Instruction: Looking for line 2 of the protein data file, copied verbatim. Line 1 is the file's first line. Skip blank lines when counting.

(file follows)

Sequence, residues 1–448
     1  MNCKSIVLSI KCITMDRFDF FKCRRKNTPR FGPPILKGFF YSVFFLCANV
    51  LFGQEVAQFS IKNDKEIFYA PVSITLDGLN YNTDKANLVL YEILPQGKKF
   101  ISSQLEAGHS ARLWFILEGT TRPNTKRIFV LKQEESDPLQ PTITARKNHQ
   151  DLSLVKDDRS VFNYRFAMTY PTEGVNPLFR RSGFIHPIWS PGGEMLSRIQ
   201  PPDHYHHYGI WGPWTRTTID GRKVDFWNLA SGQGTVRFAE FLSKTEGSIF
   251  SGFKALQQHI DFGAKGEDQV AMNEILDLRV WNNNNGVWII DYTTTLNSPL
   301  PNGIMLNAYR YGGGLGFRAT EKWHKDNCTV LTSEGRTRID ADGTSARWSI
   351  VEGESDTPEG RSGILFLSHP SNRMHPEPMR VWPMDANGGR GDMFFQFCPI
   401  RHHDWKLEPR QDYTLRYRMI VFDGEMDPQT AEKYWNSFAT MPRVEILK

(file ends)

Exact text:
     1  MNCKSIVLSI KCITMDRFDF FKCRRKNTPR FGPPILKGFF YSVFFLCANV